Why You Need To Watch: The Bold Type
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You may hear the premise of The Bold Type and immediately think of The Devil Wears Prada with the likes of its ‘dragon lady’ boss and naïve, ambitious journalists. Well, stop that. Something fresh and ready for the millennial modern experience, this show is bold even in its conception. Despite averaging less than a million views across all mediums for most episodes, The Bold Type has remained successful at the Freeform network, untouched by shock cancellations of other, more vocally supported shows. It was The Bold Type that was ordered for a two-season renewal after its first season, and the show has been positively reviewed countless times since.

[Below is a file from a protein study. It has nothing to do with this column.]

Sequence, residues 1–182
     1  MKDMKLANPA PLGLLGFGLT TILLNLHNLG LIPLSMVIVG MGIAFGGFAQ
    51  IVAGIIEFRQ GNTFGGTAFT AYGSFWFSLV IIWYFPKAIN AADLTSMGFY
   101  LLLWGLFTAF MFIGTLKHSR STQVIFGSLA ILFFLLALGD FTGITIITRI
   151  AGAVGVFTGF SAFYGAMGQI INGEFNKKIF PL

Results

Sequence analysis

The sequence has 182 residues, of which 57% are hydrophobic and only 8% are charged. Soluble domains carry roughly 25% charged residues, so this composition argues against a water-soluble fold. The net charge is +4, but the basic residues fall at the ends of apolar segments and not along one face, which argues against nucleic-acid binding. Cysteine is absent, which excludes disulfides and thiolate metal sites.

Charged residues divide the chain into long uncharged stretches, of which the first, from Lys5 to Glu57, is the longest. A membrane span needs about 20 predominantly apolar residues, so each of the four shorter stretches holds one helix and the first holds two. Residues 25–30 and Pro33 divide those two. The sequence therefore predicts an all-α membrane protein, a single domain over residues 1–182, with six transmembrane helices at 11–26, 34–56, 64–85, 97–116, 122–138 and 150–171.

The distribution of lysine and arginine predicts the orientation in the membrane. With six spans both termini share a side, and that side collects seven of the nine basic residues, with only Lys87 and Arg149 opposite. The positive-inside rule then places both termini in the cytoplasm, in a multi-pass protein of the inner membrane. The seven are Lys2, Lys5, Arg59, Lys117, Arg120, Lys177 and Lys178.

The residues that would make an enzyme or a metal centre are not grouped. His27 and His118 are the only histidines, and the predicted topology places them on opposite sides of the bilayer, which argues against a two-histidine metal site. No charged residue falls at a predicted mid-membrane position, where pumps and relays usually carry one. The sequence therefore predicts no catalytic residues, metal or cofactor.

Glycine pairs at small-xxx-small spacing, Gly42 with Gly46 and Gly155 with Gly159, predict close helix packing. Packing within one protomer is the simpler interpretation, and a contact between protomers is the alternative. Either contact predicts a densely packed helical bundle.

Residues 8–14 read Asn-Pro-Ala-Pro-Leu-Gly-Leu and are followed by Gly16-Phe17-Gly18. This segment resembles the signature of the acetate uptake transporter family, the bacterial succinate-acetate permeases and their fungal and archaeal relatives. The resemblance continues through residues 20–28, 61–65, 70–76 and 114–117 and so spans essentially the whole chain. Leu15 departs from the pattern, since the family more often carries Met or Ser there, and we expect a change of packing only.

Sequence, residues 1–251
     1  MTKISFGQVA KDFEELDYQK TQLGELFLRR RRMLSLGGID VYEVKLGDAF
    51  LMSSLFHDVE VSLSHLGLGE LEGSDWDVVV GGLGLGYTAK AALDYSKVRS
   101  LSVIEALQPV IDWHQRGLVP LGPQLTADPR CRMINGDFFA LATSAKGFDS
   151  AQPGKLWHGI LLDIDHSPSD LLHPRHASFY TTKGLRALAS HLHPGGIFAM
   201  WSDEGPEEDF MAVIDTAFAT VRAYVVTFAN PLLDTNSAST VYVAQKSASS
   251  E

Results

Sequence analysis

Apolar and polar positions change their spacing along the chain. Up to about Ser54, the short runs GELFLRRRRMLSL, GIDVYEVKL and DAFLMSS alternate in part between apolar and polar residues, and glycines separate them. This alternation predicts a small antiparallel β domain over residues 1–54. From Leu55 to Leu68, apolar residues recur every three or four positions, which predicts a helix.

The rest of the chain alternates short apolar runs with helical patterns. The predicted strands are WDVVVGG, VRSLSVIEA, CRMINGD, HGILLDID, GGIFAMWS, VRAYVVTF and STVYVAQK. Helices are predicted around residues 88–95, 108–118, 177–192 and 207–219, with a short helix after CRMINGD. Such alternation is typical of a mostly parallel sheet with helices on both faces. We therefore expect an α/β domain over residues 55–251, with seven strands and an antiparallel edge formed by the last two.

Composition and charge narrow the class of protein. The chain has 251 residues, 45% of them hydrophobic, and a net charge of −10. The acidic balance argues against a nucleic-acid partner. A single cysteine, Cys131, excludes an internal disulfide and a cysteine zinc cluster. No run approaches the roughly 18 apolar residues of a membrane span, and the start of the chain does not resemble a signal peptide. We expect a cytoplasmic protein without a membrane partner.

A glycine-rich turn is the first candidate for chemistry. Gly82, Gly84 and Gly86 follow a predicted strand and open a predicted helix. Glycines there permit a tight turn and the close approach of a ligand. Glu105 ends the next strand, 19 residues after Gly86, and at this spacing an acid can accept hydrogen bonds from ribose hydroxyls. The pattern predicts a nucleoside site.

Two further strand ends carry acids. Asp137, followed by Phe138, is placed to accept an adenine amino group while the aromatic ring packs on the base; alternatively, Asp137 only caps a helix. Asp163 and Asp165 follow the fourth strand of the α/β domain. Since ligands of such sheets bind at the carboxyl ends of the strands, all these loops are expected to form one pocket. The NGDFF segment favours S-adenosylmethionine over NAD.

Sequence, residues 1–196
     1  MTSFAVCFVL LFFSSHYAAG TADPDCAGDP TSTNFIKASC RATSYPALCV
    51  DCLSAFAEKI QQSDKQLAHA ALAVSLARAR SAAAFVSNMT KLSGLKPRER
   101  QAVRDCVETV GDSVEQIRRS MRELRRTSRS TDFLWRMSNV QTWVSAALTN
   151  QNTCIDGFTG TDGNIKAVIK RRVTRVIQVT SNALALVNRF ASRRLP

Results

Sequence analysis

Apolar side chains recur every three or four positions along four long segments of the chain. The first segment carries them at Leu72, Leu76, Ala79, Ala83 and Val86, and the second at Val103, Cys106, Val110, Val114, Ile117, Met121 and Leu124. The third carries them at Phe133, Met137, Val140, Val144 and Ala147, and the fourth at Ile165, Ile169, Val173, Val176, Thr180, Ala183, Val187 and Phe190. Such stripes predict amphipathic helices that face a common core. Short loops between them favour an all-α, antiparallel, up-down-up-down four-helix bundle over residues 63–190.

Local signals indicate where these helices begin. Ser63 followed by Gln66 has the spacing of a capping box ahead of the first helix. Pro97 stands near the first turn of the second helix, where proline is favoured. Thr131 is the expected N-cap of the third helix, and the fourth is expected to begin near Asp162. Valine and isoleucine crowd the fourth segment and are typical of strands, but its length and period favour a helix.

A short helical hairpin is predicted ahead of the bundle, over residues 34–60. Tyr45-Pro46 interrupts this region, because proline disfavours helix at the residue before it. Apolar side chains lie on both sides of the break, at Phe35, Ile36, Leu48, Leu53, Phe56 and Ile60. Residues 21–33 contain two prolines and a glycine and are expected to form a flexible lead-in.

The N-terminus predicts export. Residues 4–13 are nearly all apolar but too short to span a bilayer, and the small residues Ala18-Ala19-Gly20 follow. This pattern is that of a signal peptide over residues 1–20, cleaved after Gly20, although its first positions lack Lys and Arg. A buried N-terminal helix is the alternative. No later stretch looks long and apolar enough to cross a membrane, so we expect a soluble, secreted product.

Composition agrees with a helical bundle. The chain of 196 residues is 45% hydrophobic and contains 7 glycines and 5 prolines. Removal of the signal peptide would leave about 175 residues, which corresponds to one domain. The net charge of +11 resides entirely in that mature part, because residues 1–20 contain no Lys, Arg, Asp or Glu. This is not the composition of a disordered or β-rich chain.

Originally created by Sarah Watson (Parenthood, Pure Genius), the second season of the show is steered by a new showrunner, Amanda Lasher (Sweet/Vicious, Gossip Girl), replacing Watson. It is easy to see where a Gossip Girl veteran fits in: the transition to the new from the prior season carried out without turbulence. The premise remains the same. Three young millennial women work for a Cosmopolitan-esque magazine called Scarlet, having worked up from interns together. The leading ladies are - Kat Edison, the social media director (Aisha Dee); Jane Sloan, the up-and-coming writer (Katie Stevens) and Sutton Brady, a personal assistant-turned-fashion department assistant (Meghann Fahy). We follow their lives through career events, personal failures, relationship triumphs, sexuality confusion, and so much more. For instance, at the end of last season, Jane made a hugely precarious career decision. Since the debut of the new season, we have seen Jane in various stages of working full time, freelancing, and being unemployed, and it’s refreshing to actually see a character wallow in failure for a while. The show serves as a reminder that often our lives turn out a little differently than the way we want, or feel we deserve, and yet, makes you feel ready to try. To be bold. What makes The Bold Type stand out is, well, its epistemological boldness in which the show tackles issues as big as racism, financial inequality, sexism, and sexual harassment, as well as the smaller topics of so-called ‘Walks of Shame’, the indecisiveness of which love interest to pursue, and if the girls can afford to do certain things. For example, Kat and Jane pull together to help Sutton financially with her rent so that she can pursue her dream of working in the fashion department of the magazine, where the pay is substantially less than what she can afford. A light-hearted, nuanced approach is the foundation of this great piece of entertainment. There is not one episode where you do not somehow understand or relate to the lives of these characters.
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